Day cleans up at Japan Skins challenge

Four marquee players from different regions of the world teed it up Monday for a little skins competition at Accordia Golf Narashino Country Club in Japan, and when it was all done, the most unexpected member of the quartet walked away with the big prize.

Jason Day topped Tiger Woods, Rory McIlroy and Hideki Matsuyama at the inaugural The Challenge: Japan Skins, pocketing $210,000 of a $350,000 purse and bragging rights for a highly contrived but still enjoyable event.

The format for this showdown was standard skins material: the first six holes were worth $10,000; the next six, $15,000; $20,000 for holes 13 through 17; and finishing with a cool $100,000 for the 18th hole. Players had to win the hole outright, otherwise the total rolled over to the next hole.

Tiger Woods, Jason Day, Rory McIlroy and Hideki Matsuyama. (Getty)

Tiger Woods, Jason Day, Rory McIlroy and Hideki Matsuyama. (Getty)

Tiger Woods, Jason Day, Rory McIlroy and Hideki Matsuyama. (Getty)

Day won the 17th and 18th, part of his run of eight skins scattered across the course. Woods finished second with six skins and $60,000. McIlroy won $60,000 for five skins, and Matsuyama got onto the board with one skin worth $20,000.

The Challenge was, in part, a promotion for the Zozo Championship, a new PGA Tour event taking place at the same course later this week. But beyond that, there was more than a little gimmickry involved. On the fourth hole, the players could choose which of two separate greens to approach after hitting their tee shot. On the seventh, each player joined with a rugby player in town for the Rugby World Cup for a one-hole scramble. And on the par-5 14th, each player had to play the entire hole with just one club. (Day won the skin with a 6-iron.)

This marked Woods’ first on-course appearance since surgery on his knee a couple months ago, and it took him a few holes to get into the swing of the match.

“I did not play well at the beginning,” he said. “I hit a lot of bad shots and did not putt well. Once I got into the flow of competing and feeling the round, it just got exciting. We were competitive, the banter was great, the back and forth.”

McIlroy, meanwhile, answered a question about his thoughts on Brooks Koepka’s declaration that McIlroy wasn’t a rival:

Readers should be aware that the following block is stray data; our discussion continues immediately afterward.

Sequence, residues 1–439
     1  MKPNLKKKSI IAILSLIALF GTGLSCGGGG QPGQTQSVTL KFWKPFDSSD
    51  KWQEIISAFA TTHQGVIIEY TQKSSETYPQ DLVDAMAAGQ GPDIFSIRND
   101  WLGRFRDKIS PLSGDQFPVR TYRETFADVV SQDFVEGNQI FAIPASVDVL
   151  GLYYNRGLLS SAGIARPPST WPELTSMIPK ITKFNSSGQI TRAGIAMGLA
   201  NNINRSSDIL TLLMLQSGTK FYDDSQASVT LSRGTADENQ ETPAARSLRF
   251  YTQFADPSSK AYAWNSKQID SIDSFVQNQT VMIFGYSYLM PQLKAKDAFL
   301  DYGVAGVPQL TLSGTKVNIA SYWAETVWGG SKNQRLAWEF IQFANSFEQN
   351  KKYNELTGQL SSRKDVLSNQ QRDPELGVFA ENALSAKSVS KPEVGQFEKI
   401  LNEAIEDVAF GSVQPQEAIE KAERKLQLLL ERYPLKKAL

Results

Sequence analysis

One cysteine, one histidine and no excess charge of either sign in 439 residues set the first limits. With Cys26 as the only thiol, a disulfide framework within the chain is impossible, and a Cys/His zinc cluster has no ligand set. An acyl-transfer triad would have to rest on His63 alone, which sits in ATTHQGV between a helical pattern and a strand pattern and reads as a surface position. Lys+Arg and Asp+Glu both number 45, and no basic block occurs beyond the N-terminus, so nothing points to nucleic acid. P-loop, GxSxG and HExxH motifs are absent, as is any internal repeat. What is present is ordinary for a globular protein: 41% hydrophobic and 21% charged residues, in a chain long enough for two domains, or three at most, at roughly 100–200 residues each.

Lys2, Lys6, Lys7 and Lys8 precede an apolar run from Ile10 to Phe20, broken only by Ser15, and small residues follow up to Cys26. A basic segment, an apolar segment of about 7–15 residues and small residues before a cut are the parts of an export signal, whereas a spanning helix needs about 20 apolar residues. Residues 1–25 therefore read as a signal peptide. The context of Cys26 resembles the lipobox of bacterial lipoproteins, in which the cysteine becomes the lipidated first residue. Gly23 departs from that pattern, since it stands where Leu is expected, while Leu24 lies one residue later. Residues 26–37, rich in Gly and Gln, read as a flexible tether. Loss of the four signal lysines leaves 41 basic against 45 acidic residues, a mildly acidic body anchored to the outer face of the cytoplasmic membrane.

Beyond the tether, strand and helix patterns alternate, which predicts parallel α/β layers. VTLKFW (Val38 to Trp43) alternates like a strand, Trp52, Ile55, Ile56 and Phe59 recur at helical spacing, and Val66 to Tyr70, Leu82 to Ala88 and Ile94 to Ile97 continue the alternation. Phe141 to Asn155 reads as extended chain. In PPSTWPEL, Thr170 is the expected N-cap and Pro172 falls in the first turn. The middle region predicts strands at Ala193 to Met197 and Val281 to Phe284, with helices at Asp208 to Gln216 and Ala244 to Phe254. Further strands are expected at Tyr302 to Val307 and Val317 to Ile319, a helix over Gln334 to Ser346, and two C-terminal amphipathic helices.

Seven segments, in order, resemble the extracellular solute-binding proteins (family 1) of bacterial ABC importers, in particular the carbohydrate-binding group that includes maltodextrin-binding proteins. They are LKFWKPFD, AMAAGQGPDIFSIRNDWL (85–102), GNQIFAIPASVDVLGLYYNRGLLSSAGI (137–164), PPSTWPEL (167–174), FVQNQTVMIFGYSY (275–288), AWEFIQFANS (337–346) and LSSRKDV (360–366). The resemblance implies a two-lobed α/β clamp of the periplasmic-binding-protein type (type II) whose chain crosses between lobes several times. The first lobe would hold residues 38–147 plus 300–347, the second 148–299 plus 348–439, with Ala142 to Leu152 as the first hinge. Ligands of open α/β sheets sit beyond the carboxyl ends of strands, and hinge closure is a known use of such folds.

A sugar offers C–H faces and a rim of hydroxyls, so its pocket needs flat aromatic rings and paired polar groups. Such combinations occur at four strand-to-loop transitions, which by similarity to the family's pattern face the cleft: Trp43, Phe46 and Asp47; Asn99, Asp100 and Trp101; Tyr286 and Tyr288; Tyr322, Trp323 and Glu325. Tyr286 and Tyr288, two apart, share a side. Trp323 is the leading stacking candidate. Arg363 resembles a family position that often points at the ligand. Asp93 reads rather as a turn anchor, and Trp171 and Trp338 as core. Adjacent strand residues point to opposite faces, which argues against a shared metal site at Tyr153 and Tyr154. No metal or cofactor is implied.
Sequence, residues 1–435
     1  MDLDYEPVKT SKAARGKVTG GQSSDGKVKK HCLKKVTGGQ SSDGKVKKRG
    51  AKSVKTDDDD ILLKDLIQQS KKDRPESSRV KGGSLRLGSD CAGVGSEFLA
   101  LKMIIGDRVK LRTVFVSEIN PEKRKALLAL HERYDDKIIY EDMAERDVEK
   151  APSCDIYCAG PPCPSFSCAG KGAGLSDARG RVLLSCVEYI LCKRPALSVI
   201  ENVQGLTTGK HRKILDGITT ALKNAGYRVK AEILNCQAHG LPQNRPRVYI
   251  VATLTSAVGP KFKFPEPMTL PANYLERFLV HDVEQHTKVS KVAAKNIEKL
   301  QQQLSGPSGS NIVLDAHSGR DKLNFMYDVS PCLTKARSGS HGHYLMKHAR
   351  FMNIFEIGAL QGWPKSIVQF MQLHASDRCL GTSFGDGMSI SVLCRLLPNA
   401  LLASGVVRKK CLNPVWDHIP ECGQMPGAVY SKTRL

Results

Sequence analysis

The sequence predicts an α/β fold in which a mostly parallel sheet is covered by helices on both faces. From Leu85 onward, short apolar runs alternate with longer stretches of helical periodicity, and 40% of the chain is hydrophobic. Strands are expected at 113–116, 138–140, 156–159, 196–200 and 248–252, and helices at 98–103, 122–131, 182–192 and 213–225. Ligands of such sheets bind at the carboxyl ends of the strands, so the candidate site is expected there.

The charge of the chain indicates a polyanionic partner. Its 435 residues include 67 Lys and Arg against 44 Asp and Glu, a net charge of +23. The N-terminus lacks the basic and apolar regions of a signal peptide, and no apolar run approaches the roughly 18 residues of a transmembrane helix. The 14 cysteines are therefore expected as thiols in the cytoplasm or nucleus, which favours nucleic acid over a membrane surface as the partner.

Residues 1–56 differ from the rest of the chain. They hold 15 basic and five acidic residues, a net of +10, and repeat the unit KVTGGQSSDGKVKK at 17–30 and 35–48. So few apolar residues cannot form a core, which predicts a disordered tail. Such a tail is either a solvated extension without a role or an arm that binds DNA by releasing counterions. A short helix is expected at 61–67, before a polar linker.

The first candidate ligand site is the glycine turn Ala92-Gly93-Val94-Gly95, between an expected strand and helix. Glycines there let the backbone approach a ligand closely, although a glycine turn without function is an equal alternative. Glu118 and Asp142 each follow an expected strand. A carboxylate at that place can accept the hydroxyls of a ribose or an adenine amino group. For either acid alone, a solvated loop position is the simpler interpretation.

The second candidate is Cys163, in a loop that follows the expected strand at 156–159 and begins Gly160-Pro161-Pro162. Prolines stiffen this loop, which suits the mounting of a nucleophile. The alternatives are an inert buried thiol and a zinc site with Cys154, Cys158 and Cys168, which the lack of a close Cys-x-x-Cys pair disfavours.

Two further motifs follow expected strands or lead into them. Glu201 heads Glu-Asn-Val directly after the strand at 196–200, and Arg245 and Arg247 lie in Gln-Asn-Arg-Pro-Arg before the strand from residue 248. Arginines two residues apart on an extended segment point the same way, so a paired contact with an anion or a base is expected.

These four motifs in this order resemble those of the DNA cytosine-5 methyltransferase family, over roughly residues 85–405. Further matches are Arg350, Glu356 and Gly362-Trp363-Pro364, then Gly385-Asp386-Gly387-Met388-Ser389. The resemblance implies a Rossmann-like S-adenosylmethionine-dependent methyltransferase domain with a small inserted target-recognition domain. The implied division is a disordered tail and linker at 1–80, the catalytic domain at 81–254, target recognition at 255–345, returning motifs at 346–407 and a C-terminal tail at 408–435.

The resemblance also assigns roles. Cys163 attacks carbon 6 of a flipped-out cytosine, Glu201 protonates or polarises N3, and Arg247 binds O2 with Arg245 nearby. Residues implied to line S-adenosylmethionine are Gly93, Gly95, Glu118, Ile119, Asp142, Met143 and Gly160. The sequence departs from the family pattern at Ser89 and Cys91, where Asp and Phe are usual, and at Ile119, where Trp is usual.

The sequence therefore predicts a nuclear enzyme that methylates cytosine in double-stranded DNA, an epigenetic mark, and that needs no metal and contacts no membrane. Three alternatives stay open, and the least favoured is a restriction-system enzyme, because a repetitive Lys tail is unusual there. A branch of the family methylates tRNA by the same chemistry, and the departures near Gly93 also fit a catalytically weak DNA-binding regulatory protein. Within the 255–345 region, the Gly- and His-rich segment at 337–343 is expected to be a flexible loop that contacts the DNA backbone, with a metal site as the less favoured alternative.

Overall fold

Back in the olden days of golf, skins games pairing big names were classic late-year TV material — most often over Thanksgiving weekend — and nobody took any of it too seriously. Woods has now played in seven skins events, for instance, and has won exactly zero.

“He hasn’t won one yet, so I’ve got that on him, which is good,” Day laughed after the match.

Made-for-TV golf events tend to be cringeworthy plods — see the Tiger/Phil match last Thanksgiving — and there were plenty of lackadaisical holes and bits of forced “conversation” in The Challenge that fit that category. But what The Challenge showed is that there is potential in this format, specifically by spreading the competition out over four people. One or two multimillionaires don’t much care if a putt for $10,000 goes in. But put a guy in the mix who’s burning for a little competition, as Day was, and it lights a fire under the rest of the quartet.

Woods will be a part of these made-for-TV spectacles for some time going forward, and that’s fine — he’s the biggest draw in the game. But if the PGA Tour wants to grow its reach, and give some of its deep bench of stars some more airtime, it’ll rotate in the cast of characters throwing down with Woods every so often. Anything golf can do to broaden attention past the majors is a worthwhile endeavor, and a Skins Challenge fits right into that category.


Jay Busbee is a writer for Yahoo Sports. Contact him at or find him on Twitter or on Facebook.

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